- Physical Activity Measurement: StepWatch - Average Number of Single Leg Strides Per Day [ Time Frame: up to 24-months ]For participants who were ambulatory (GMFCS levels I, II, III), walking activity performance was measured within the context of daily life with a monitor called the StepWatch. It is a small (70 x 50 x 20 mm; 38 g), waterproof, self-contained device that is worn on the left ankle. Participants wore the StepWatch on their ankle (inside a knit cuff) each day for a seven-day sample. Specific variables reported are an an amount measure, average number of single leg strides per day for the seven-day sample.
- Physical Activity Measurement: Actigraph: Minutes of Moderate to Vigorous Physical Activity [ Time Frame: up to 24-months ]Participants wore a 3-dimensional accelerometer (Actigraph wGT3X) on their dominant wrist for a seven-day sample. Specific variables reported are number of minutes time spent in moderate/vigorous physical activity for a seven-day sample. The wrist mounted Actigraph counts were converted to waist worn activity counts.
- Physical Activity Measurement: Actigraph: Average Physical Activity [ Time Frame: up to 24-months ]Participants wore a 3-dimensional accelerometer (Actigraph wGT3X) on their dominant wrist for a seven-day sample. Specific variables reported are average physical activity in raw activity counts per minute for a seven-day sample. The wrist mounted Actigraph counts were converted to waist worn activity counts.
- 1 Minute to 6 Minute Push Test (1MPT, 6MPT) [ Time Frame: up to 24-months ]The 1MPT to 6MPT are submaximal, clinical exercise tests, in which the total distance propelled in a manual wheelchair in 1-minute and 6-minutes, under controlled conditions, are measured for children who use a manual wheelchair for mobility (GMFCS level II, III, IV), the 1MPT/6MPT was conducted indoors or outdoors on a large, flat, hard terrain. A surveyor's measure wheel was used to calculate the total distance wheeled and a stopwatch to keep track of the allocated time. Standardized directions were used to encourage the child to wheel as far as possible. Distances wheeled (# of feet) are reported for a small number of participants within the Physical Activity sub-study.
- 1 Stroke Push Test (1SPT) [ Time Frame: up to 24-months ]The 1SPT is a clinical exercise test, in which the distance rolled in a manual wheelchair, under controlled conditions, with one push using both hands if possible is measured. Within this study a subsample of children who used a manual wheelchair for mobility (GMFCS levels III, IV) were tested on this measure. A surveyor's measure wheel will be used to calculate the total distance (# of feet) wheeled. Standardized directions are used to encourage the child to wheel as far as possible.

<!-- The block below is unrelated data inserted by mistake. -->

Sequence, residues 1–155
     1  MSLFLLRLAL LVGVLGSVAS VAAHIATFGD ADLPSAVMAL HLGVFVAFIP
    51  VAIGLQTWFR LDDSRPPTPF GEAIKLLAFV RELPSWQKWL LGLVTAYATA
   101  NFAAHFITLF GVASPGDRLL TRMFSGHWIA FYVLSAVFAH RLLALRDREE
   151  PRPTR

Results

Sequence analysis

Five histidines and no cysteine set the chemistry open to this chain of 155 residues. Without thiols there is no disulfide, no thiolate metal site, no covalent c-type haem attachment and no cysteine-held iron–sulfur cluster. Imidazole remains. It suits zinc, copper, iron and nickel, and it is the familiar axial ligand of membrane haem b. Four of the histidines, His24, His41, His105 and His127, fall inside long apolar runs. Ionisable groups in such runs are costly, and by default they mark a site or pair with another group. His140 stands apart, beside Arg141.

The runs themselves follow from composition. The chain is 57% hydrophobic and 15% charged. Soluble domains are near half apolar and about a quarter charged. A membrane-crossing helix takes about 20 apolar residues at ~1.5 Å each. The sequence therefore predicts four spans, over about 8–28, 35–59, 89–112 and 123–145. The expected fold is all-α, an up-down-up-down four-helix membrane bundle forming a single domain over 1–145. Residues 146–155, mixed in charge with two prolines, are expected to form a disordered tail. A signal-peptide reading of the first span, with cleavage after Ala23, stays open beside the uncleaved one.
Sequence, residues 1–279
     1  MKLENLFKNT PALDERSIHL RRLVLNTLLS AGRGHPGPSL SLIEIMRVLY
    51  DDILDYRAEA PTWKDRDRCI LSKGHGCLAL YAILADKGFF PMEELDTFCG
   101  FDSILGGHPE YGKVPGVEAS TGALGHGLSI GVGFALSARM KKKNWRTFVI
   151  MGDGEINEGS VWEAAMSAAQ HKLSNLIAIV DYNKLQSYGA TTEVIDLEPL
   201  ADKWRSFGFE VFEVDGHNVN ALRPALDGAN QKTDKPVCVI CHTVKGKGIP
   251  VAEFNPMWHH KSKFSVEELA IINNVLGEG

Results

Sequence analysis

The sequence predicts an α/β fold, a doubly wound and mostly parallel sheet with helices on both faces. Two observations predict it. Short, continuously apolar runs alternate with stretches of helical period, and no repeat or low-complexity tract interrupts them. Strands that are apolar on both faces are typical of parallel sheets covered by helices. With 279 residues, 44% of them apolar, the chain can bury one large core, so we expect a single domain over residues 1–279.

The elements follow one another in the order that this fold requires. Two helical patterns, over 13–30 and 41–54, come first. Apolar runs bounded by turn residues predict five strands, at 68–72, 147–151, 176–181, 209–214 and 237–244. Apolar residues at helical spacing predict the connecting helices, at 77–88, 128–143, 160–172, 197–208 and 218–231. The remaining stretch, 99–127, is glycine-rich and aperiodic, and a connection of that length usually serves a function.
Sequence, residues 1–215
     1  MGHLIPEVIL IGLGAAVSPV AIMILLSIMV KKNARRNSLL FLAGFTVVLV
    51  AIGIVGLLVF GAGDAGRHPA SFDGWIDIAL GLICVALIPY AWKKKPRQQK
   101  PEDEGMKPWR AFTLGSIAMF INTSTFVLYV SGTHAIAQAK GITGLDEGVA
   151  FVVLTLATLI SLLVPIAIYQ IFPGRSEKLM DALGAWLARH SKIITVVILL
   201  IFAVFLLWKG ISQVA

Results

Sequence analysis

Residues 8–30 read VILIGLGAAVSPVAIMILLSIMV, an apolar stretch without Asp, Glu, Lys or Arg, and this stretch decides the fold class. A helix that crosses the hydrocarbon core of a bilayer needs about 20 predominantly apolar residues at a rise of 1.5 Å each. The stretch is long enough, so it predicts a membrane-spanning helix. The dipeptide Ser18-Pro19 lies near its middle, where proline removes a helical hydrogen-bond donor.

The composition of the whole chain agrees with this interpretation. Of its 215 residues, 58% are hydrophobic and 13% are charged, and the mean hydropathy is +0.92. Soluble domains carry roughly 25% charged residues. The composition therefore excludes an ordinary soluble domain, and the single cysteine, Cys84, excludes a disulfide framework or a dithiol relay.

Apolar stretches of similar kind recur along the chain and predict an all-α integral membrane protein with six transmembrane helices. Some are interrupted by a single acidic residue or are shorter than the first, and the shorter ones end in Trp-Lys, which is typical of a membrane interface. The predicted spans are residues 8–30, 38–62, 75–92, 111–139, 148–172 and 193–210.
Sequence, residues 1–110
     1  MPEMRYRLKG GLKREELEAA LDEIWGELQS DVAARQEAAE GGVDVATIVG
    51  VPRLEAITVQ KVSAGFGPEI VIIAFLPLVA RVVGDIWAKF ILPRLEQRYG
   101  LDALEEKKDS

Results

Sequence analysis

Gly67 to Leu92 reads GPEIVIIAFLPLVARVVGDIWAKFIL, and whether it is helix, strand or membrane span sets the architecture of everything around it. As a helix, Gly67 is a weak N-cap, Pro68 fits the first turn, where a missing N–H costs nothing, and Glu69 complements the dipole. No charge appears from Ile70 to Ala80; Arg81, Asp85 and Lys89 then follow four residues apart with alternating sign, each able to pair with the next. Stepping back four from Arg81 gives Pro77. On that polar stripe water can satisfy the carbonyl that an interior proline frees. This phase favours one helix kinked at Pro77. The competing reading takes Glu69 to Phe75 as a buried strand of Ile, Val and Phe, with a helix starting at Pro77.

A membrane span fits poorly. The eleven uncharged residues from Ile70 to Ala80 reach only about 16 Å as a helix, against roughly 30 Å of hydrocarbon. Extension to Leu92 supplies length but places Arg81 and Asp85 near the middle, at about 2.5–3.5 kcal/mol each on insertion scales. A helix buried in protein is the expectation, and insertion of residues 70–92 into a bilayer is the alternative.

- Environment Section of the Participation and Environment Measure - Children and Youth (PEM-CY) [ Time Frame: up to 24-months ]The PEM-CY environment section is a caregiver completed 45-item questionnaire about the facilitators and barriers that might impact the child's participation in the home, school, and community environments. Twenty-five items include ratings on things that help or make it harder for the child to participate in activities in each environment (4-point scale from "not an issue" to "usually makes harder"). Twenty items include ratings of the availability of supports for the child's participation in each environment (4-point scale from "not needed" to "usually no"). Caregivers can also write in what family members do that help the child participate. A percentage score representing support for participation for each setting is calculated. The higher the percentage the more support the environment provides for the child's participation within the setting.
To learn more about this study, you or your doctor may contact the study research staff using the contact information provided by the sponsor.
Please refer to this study by its ClinicalTrials.gov identifier (NCT number): NCT02391948
|United States, Georgia|
|Atlanta, Georgia, United States, 30341|
|United States, Oklahoma|
|University of Oklahoma|
|Oklahoma City, Oklahoma, United States, 73117|
|United States, Pennsylvania|
|Philadelphia, Pennsylvania, United States, 19102|
|United States, Washington|
|University of Washington|
|Seattle, Washington, United States, 98195|
|University of Western Ontario|
|London, Ontario, Canada, N6G 1H1|
|Principal Investigator:||Sarah Westcott McCoy, PhD, PT||University of Washington|